“Sure, of course,” she said. “Although, I don’t know if I have enough room for all of you.”
“Oh, it’s okay, Amy’s not coming with us,” Anna informed her.
“Okay, but what about your friend on the bunk there?”
I froze, an inane grin on my face. Slowly I managed to turn to look at the bunk. David was still there, hidden under the covers.
Amy was the first one to break the silence. “Oh, that’s Da....”
“...Daniel,” I interrupted, brain kicking back into life. “Danny Harrison, fourth former, y’know? He had an idea for a show he wanted to run past us.”
“Oh. Okay.” Anna’s mum said. Phew. Survived that one. Then a thought struck her. “But why is he in bed?”
Why indeed. “Ah, he...” I groped around for an idea. “Why don’t you show her, Danny?” I heard myself say. There were several very quite groans.
David rose slowly, keeping the sheet over him. “Okay, Rick, but you have to ask me the questions,” he said in a squeaky voice.
“Er, yeah, okay.” Looking around for inspiration, my eyes fastened on the video collection on the far wall. “Hey mister ghost, what’s your favourite Hong Kong director?”
“And what does Romeo do to Juliet?”
“F... - er, Woo?”
“What does the crowd in the country bar do when the Blues Brothers play blues music?”
“Huh? oh, boo!”
“That’s, er, very nice dear,” Anna’s mum said supportively. “But isn’t it a little early to be thinking about Hallowe’en?”
“Well, it needs a lot of work,” I explained.
“You don’t say,” she smiled. “Well, if you guys want to get a good place in the queue maybe we should start off now and leave Amy and, er, Danny to work on it?”
She dropped us right outside the shop, where a few people even more sad then ourselves had already started to gather, a collection of picnic chairs, sleeping bags and thermos flasks. She kissed Anna goodnight as James and I unloaded our director’s chairs and a couple of bags supposedly full of sandwiches and soup. “Here’s a phonecard in case you miss the night bus back to the village,” she fussed, “you just give me a call and wait inside the store ‘till I come get you.”
“Mom, we’ll be fine,” Anna assured her.
“I know, honey, but still, better not take any chances, huh?” she said, and with another kiss she drove off.
“She means well,” Anna said, a little embarrassed.
“Hey, it’s only natural. It’s pretty cool of her to let us do this in the first place,” I reassured her. “I don’t think any of the other teachers, or our parents for that matter, would have said yes.”
“Yeah,” Anna said sadly, “kind of a shame we’re lying to her then, huh?”
We stashed the chairs behind the rubbish skips at the back of the shop, hoping that tomorrow wasn’t collection day. We actually did know the guys from the shop, after all, we were there often enough, so getting a copy of the video put to one side so that we’d have our alibi in the morning was a simple matter of bribing them with airtime. We might not have massive viewing figures, but it was a captive audience, so for a small video shop a little advertising could go a long way.
By a quarter past eleven, or as James insisted 23:15 hours, we were back on the outskirts of town, in a side street not far from the factory.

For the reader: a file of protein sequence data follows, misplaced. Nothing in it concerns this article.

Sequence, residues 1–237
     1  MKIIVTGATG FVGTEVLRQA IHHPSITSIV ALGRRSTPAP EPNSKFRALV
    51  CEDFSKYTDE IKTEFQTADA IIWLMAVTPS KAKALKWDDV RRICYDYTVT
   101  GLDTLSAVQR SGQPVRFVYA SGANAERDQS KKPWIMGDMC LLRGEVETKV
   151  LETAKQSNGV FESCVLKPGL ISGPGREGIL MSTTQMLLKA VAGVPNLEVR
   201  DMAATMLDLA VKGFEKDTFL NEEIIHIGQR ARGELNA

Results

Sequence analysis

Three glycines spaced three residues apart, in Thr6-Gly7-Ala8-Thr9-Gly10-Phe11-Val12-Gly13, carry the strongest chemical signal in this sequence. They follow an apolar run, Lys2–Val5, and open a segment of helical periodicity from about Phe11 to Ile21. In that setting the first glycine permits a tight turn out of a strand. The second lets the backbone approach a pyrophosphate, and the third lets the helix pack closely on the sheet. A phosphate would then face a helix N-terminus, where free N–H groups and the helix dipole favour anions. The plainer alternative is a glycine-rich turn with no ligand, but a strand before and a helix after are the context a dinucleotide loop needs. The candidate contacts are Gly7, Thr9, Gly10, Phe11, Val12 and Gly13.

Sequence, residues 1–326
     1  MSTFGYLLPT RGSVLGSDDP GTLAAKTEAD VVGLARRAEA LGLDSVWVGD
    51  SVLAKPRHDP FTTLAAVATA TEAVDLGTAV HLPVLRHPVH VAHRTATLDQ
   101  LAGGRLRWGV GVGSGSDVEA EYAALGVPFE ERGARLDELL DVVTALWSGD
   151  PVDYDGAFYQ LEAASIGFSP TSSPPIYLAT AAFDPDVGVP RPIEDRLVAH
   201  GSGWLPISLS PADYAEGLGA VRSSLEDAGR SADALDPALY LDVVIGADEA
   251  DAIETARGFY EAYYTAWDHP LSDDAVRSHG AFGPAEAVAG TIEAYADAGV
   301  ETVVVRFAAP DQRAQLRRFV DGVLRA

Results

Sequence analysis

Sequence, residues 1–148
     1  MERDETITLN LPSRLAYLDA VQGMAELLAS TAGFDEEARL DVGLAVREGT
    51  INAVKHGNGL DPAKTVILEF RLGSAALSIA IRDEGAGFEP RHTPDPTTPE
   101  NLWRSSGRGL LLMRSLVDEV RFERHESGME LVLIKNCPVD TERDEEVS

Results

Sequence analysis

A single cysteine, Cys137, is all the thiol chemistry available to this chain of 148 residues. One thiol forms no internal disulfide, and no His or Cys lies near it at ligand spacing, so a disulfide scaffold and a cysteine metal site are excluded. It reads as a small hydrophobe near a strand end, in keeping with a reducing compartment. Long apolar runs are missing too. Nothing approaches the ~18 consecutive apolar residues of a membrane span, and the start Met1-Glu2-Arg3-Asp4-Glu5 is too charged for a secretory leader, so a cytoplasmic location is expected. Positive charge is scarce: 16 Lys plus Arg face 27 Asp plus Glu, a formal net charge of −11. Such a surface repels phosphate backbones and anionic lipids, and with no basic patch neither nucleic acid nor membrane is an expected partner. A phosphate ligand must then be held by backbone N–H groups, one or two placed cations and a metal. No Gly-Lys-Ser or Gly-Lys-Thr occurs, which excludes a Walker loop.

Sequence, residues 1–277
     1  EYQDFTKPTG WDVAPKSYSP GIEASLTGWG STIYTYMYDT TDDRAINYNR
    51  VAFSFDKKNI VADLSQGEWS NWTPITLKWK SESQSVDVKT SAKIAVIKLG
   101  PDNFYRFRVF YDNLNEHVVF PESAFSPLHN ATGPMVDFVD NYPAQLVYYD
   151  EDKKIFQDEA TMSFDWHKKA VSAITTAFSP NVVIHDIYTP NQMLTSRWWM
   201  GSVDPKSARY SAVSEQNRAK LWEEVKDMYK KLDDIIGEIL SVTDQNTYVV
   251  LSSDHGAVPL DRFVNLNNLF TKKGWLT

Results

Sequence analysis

“Okay, final check. Everyone knows what to do?” I asked. Kinda pointless at that stage in the proceedings, but it helped concentrate the mind. Everyone nodded eagerly, breath clouding in the chill of the night air. “James? You get the explosives?”
“Yeah, I got the Physics teacher’s own supply.,” he enthused. “It’s fresh too, he used the transformers in the lab to ignite some the other day to test it. During lesson time too, scared everyone out of their skin.”
“Well thank goodness he’s only into collecting muskets and stuff,” muttered Anna. “God knows what he’d get up to if he could lay his hands on some fissionable material.”
“I don’t know if it’s enough for what we need, so I had to add something of my own to it,” continued James.
“Oh?” I didn’t know that James was into making explosives, although like everyone else he’d downloaded the instructions off the Internet. “What you got?”
“Flour,” he said with a grin.
“James, we’re trying to make a loud bang, not cook for them,” I reminded him.
“No, wait, remember that video the Physics teacher showed us that time? The one with the pianos?” Chris enthused.
“Oh yeah,” Anna chipped in. “They blew up one piano with explosives, and then the other with explosives and a bag of flour, and the second one just flew apart.”
I was still looking lost. Flour? I must have missed. that particular lesson.
“You know, it’s like that scene in Stargate, where Ra says he’s going to send the nuke back through the gate with a consignment of the mineral which will amplify the blast a thousandfold?” James reminded me, trying to put it in terms I’d understand.
“Actually it’s more to do with a heavy density of particulate matter...” Anna began.
“Whatever,” I cut in, head swimming. “Just so long as it works.”
23:30:00: Diversion one: Outside the factory two boys are seen to start throwing stones at an apparently abandoned factory. For some reason they seem to concentrate on smashing the windows on the first floor, with quite some success.
23:31:12: Minimally staffed at that time of night, the grunt with the Uzi again draws the short straw and is sent out to scare the kids off. At this point team two gain access to the target building.